Solitary metastatic renal cell carcinoma to
the radius is uncommon. We present such a case treated with
surgery and reconstruction with non-vascularised fibula graft.
Postoperatively there was progression of the disease with
involvement of the proximal radius. Eventually the disease was
controlled with adjuvant treatment.
Key words: metastatic lesion; renal cell carcinoma
Bone metastases of renal
cell carcinoma is believed to be somewhere near 50 per cent (6).
The metastatic deposits are rather multiple than solitary ones.
Reconstruction after excision of the distal radius with non-vascularised
fibula graft is one of the current methods of treatment. It is
anticipated that clear surgical margins are achieved to prevent
recurrence of the disease. In our case, despite the clear bone
margins achieved with surgery and reconstruction with
non-vascularised fibula graft, there was an
unusual progressive metastatic disease in the proximal radius.
45 year old, right hand dominant male presented to our
department with a six-week history of right wrist pain.
Examination revealed a diffuse swelling and tenderness over the
right distal radius, without infiltration of the skin and no
distal neurovascular deficit. No regional lymph nodes were
palpable. Wrist movements were limited by pain. An X-ray showed
an aggressive lytic lesion involving the distal radial
metaphysis and styloid process. A subsequent whole bone
scintigraphy and CT
of the chest did not reveal any other lesions. A CT scan of the
abdomen and pelvis revealed a left renal mass suggestive of
renal carcinoma. MRI of the forearm showed a large expansile
lesion of the distal radius (fig 1). A biopsy of the lesion
confirmed a metastatic renal cell carcinoma. He underwent
excision of the right distal radius and reconstruction with non-vascularised
proximal right fibula graft (fig 2).
incision was planned in order to incorporate the biopsy tract.
The tumour-bearing portion of the radius along with healthy bone
margins was excised en bloc. The proximal fibula from the
ipsilateral leg was used to replace the excised radius and fixed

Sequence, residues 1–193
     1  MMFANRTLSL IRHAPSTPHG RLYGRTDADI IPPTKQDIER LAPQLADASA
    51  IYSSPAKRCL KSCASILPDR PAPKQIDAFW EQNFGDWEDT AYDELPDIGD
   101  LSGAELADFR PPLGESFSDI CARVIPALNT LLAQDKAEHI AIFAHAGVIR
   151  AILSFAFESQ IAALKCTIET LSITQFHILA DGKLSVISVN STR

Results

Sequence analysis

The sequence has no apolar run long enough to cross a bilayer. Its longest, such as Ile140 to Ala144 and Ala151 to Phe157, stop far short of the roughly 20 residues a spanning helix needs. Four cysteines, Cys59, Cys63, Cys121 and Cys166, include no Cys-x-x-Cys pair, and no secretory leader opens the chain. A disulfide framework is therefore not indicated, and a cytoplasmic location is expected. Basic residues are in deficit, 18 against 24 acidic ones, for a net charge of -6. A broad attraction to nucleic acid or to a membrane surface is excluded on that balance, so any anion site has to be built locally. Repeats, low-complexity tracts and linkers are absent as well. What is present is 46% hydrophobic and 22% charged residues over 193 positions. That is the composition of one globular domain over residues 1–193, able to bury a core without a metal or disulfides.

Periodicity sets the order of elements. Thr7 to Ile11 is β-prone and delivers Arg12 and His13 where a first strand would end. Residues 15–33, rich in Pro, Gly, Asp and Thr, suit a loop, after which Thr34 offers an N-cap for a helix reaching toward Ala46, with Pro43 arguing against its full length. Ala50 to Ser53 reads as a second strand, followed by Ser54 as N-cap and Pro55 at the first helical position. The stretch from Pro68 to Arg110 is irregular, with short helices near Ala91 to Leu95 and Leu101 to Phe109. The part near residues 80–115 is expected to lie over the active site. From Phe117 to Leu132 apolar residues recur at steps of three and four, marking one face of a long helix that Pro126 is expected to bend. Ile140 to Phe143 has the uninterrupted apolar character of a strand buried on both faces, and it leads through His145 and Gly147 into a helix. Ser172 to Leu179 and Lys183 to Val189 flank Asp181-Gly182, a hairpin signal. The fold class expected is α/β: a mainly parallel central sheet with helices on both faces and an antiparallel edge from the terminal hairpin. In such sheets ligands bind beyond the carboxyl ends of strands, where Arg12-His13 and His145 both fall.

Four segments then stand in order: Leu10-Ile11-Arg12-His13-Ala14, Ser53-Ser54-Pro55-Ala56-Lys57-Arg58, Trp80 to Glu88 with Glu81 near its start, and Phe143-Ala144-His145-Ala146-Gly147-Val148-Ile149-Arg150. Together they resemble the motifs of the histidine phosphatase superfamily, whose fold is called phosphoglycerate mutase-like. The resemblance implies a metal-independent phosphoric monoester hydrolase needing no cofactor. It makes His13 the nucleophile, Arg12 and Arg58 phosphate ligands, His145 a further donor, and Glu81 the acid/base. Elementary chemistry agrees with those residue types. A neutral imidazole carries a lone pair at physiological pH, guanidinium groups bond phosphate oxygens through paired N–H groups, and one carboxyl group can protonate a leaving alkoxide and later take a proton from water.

with six hole DC plate with compression. The renewed radial
carpal and radial ulna joints were stabilised with Kirscher
wires. An above-the-elbow plaster cast was applied which was
retained for 6 weeks. It was then replaced by an above-the-elbow
removable cast after removal of the Kirscher wires.Histology of
the excised specimen confirmed clear cell carcinoma with clear
bone resection margins.
X-ray of his right forearm taken six weeks postoperatively
showed rapid progression of metastasis in the whole radius with
extensive destruction of the remnant radius and multiple
destructive foci in the ulna and wrist joint (fig 3a,b).
Following that he had a nephrectomy and was then referred to the
oncologists who offered him palliative radiotherapy and
interferon alpha treatment (IFN-a). He received irradiation,
35Gy in ten fractions to his right forearm, and started on IFN-a
treatment, 10 mega units three times a week. About a year after
initial presentation he was reviewed in the outpatient
department. An X-ray taken then, showed that there was
regeneration of the radius and ulna bones.
was pain free; he had a fixed deformity of 45 degrees at the
elbow with deformed and curved forearm with no movement at the
wrist, no rotation of the forearm and stiff MCP joints.
He was still being treated
with interferon and a year later he was reviewed in the clinic
again. He was pain free and examination of his right upper limb
showed loss of extension at the elbow with elbow flexion from 70
degrees to 130 degrees of flexion. His wrist joint and finger
joints were very stiff but improving with physiotherapy. X-rays
of his radius and ulna showed remarkable consolidation of the
radius, which had previously been almost completely destroyed by
the tumour (fig 4). The graft had healed fully.
The fact that renal cell
carcinoma (RCC) metastasises to the skeleton is well known. The
metastatic deposits are generally multiple, and only
occasionally solitary, and they generally involve the axial
skeleton or the proximal parts of the long bones (particularly
the femur and humerus) or both (1). Metastatic renal cell
carcinoma remains a disease that is highly resistant to systemic
therapy and difficult to treat. In the last few years,
randomised studies have demonstrated a survival advantage for
patients receiving immunotherapies such as Interferon alpha (IFN-a)
although this advantage is marginal (5).
The use of autografts in
reconstruction of skeletal defects following tumour surgery has
been well documented (3). Al-Zahrani et al (2) and Mack et al
(5) have showed that the non-vascularised single fibular graft
is still valid to bridge bone defects.Aggarwal et al (1)
reported a case of solitary metastasis to the radius of renal
cell carcinoma treated successfully with excision and fibula
bone grafting only. There was no recurrence of the disease in
that case.To our knowledge this unusual behaviour of a
metastatic renal cell carcinoma of distal radius treated with
surgery and autologous non-vascularised fibula graft has not
been reported in the medical literature.
The case we report here is
of interest in that: (a) it was a solitary metastasis, (b) it
involved the distal radius, (c) there was progression of the
disease after treatment by excision and reconstruction with non-vascularised
fibula graft. Recurrence of the metastatic renal cell carcinoma
at the fibula graft site and progression of the disease to the
proximal radius despite clear bone margins was very unusual. In
our patient, surgery alone failed to control the disease, which
responded though very well to adjuvant radiotherapy and
immunotherapy with IFN-a.
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